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The molecular basis of quantitative fibrinogen disorders.

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Published:1st Oct 2006
Author: Asselta R, Duga S, Tenchini ML.
Availability: Free full text
Ref.:J Thromb Haemost. 2006;4(10):2115-29.
DOI:10.1111/j.1538-7836.2006.02094.x

Hereditary fibrinogen disorders include type I deficiencies (afibrinogenemia and hypofibrinogenemia, i.e. quantitative defects), with low or unmeasurable levels of immunoreactive protein; and type II deficiencies (dysfibrinogenemia and hypodysfibrinogenemia, i.e. qualitative defects), showing normal or altered antigen levels associated with reduced coagulant activity.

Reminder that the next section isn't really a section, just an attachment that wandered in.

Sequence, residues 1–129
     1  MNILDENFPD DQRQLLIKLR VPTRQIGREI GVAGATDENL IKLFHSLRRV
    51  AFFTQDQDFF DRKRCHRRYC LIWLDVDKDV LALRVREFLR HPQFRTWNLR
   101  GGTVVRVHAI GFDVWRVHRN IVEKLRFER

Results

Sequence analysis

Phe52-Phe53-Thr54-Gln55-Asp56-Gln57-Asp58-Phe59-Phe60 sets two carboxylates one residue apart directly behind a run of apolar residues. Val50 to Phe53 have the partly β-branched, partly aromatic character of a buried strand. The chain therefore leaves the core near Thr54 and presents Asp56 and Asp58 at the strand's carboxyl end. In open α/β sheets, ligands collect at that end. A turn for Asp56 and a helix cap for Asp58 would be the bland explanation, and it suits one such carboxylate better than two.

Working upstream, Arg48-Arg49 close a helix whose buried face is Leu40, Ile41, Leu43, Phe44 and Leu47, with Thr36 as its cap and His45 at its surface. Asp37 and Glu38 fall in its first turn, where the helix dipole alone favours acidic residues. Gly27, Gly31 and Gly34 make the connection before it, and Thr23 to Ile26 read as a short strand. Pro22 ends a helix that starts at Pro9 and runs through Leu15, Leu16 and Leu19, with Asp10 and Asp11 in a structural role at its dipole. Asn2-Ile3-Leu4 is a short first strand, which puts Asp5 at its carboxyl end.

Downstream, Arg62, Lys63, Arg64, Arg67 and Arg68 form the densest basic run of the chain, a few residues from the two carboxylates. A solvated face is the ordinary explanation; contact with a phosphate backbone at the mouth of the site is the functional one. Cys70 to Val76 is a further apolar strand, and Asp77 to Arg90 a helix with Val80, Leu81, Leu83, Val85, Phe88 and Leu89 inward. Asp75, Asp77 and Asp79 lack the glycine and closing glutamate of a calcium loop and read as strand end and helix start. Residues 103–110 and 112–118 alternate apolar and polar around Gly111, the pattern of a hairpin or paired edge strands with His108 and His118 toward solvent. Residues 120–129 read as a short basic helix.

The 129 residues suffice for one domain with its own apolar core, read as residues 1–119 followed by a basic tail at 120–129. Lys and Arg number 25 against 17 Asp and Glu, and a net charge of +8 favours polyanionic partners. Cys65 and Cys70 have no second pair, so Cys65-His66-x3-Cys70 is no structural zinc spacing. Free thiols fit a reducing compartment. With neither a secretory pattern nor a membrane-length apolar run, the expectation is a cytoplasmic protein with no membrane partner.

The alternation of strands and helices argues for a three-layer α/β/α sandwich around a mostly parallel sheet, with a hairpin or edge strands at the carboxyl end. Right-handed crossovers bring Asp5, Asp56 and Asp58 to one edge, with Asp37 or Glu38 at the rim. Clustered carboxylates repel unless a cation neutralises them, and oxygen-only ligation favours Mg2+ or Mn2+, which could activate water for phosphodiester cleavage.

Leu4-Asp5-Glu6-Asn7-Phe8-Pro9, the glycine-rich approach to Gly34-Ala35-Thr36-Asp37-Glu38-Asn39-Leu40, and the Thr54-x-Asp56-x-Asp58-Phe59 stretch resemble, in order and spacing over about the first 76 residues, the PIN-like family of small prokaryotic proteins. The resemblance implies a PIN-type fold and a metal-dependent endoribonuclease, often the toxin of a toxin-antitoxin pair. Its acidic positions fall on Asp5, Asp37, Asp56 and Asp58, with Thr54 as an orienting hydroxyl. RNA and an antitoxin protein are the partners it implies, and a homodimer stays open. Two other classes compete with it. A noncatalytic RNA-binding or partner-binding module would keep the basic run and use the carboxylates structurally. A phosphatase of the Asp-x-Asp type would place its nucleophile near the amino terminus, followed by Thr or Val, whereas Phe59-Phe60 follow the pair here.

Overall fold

While dysfibrinogenemias are in most cases autosomal dominant disorders, type I deficiencies are generally inherited as autosomal recessive traits. Patients affected by congenital afibrinogenemia or severe hypofibrinogenemia may experience bleeding manifestations varying from mild to severe. This review focuses on the genetic bases of type I fibrinogen deficiencies, which are invariantly represented by mutations within the three fibrinogen genes (FGA, FGB, and FGG) coding for the three polypeptide chains Aalpha, Bbeta, and gamma. From the inspection of the mutational spectrum of these disorders, some conclusions can be drawn: (i) genetic defects are scattered throughout the three fibrinogen genes, with only few sites appearing to represent relative mutational hot spots; (ii) several different types of genetic lesions and pathogenic mechanisms have been described in affected individuals (including gross deletions, point mutations causing premature termination codons, missense mutations affecting fibrinogen assembly/secretion, and uniparental isodisomy associated with a large deletion); (iii) the possibility to express recombinant fibrinogen mutants in eukaryotic cells is rapidly shedding light into the molecular mechanisms responsible for physiologic and pathologic properties of the molecule; (iv) though mutation analysis of the fibrinogen cluster does not yield precise information for predicting genotype/phenotype correlations, it still provides a valuable tool for diagnosis confirmation, identification of potential carriers, and prenatal diagnosis.

 

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